Anthony McCall, Serpentine Gallery, London
The only other time I have come across Anthony McCall's work was as part of a group show at the Hayward Gallery (Eyes, Lies and Illusions, 2004) where his Line Describing A Cone (1973) mesmerised the handful of people that stood with me and watched a point of light seemingly grow (with the aid of dry ice) like a geometric ghost into a cone that hovered in front of us. For some reason none of us thought about breaking the light or walking into the cone. We gazed at it as if it were merely a different kind of sculpture and stood behind a suggested, yet invisible barrier while the 16mm projector worked its magic on the darkened room.
McCall calls his work 'solid light' and it exists somewhere between avant-garde film, minimalist sculpture and immersive installation art. He gave up art in the 1970s to concentrate on book design but has recently returned to his light experimentation.
Line Describing A Cone is here again at McCall's first major retrospective alongside other slightly later works that utilise digital video projection to enable more precise and fluid geometric light patterns. The best thing about it though is that by taking the lead of the dozens of kids that are always around and about this gallery (its right in the middle of Kensington Gardens) and physically entering the artworks a whole new experience is realised.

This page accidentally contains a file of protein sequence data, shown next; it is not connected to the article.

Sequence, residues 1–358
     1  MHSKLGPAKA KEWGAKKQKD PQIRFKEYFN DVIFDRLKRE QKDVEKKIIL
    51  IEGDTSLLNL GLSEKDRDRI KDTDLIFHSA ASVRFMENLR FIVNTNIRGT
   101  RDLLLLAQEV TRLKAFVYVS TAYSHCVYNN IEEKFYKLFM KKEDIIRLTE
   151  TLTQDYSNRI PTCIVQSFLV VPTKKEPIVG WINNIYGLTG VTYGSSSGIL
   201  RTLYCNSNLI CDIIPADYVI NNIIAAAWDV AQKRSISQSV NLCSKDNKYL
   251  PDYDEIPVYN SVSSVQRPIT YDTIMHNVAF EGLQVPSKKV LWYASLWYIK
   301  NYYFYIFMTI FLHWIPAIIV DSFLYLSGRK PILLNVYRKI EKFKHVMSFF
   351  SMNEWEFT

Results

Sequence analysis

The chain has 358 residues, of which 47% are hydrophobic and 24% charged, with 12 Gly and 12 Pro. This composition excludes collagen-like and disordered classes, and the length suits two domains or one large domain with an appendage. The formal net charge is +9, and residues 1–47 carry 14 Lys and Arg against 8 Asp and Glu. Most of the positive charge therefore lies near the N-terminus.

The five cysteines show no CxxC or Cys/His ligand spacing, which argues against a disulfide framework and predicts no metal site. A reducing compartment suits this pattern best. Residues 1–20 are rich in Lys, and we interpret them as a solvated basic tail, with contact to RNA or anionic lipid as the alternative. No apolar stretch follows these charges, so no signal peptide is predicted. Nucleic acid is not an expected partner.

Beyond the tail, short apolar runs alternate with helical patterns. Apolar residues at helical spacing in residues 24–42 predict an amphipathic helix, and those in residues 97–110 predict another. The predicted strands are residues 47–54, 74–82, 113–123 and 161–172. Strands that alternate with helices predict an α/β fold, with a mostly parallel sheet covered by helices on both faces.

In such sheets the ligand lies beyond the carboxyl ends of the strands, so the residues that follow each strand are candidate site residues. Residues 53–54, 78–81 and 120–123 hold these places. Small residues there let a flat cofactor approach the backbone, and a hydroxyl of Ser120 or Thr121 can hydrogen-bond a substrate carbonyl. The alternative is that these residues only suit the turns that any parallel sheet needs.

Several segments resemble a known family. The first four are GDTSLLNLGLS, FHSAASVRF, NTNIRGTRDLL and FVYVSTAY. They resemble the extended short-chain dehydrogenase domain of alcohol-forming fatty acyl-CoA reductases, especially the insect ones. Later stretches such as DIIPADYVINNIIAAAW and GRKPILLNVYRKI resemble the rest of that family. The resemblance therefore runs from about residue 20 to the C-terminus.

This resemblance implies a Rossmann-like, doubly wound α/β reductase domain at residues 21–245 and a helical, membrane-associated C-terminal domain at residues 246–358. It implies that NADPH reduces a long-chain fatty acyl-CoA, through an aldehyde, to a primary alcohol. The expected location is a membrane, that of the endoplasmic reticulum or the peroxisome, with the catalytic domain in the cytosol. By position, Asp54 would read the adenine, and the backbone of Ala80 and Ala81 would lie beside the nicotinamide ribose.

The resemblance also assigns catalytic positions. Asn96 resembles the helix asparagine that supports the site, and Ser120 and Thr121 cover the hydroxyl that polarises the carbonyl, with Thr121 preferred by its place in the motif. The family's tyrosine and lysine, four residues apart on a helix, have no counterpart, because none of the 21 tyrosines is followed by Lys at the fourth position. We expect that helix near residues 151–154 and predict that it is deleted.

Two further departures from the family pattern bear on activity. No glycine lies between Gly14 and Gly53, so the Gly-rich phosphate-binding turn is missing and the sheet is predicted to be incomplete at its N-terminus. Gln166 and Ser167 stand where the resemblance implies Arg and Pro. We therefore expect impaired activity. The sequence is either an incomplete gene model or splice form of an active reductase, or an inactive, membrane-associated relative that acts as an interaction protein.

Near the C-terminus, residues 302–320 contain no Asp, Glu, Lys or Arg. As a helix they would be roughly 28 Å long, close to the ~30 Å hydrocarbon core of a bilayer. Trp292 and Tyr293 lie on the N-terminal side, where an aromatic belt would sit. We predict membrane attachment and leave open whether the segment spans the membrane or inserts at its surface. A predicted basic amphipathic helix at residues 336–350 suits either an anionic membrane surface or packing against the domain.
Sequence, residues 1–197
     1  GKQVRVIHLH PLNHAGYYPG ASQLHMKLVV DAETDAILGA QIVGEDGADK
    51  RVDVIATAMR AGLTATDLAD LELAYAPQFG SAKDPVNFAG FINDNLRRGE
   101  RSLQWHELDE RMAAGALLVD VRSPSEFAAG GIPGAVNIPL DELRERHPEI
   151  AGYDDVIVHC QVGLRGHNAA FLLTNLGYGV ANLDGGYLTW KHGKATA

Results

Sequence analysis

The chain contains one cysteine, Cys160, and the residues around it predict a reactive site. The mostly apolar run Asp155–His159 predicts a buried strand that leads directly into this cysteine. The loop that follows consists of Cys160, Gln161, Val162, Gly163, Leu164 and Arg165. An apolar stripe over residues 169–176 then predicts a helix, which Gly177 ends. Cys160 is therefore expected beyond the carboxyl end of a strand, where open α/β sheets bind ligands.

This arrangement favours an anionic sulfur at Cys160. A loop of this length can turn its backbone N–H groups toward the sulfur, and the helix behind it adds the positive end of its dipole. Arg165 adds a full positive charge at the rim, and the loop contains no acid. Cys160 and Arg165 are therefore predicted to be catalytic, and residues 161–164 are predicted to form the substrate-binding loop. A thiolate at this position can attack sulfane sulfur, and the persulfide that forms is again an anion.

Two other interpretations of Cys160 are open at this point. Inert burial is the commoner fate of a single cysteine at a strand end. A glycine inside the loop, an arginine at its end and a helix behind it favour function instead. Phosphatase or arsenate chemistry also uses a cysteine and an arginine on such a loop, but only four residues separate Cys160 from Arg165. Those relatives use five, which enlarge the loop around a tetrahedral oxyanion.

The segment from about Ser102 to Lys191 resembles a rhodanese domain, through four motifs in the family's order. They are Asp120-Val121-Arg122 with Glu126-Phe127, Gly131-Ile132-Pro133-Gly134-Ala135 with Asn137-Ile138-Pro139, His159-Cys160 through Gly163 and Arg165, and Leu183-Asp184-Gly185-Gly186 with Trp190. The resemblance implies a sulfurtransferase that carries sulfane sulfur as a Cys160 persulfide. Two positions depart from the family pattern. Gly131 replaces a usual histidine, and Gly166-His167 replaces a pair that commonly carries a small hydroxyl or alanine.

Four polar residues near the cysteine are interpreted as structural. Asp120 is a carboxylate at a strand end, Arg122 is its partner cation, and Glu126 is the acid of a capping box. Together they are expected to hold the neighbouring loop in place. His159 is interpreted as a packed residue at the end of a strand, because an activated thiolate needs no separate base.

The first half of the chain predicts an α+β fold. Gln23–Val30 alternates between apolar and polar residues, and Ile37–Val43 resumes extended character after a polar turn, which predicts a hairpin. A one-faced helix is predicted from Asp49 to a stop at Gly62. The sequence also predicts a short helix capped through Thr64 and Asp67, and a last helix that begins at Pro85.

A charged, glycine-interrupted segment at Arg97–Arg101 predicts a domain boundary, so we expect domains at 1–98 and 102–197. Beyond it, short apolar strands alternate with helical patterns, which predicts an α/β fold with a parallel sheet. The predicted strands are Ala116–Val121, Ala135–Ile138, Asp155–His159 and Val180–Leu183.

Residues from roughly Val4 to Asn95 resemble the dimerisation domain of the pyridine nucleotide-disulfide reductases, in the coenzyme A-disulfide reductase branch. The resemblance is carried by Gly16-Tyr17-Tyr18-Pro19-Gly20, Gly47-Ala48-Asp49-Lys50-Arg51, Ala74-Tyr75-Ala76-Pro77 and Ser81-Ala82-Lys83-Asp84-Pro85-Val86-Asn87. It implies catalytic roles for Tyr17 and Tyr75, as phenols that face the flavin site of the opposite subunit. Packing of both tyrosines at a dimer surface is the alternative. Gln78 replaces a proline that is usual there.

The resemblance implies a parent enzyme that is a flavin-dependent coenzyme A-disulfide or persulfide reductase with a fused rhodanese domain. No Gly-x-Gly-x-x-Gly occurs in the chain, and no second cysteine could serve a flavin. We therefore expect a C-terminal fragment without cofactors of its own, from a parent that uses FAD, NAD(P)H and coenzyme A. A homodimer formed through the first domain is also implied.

By varying your position in relation to the projections you can create the illusion of walking through solids or of being partially dissolved by ethereal planes of light. It's part futuristic sci-fi, part ancient ritual, part 1980s rock video. And it's beautiful and exhilarating. Substantial work in the most transitory of mediums.
the first journalism Lake ever had published was a history of Johnny Thunders for Record Collector magazine, since then he has written for publications including the Guardian, Dazed and Confused, the Idler and more recently, outsideleft.com as you have just seen.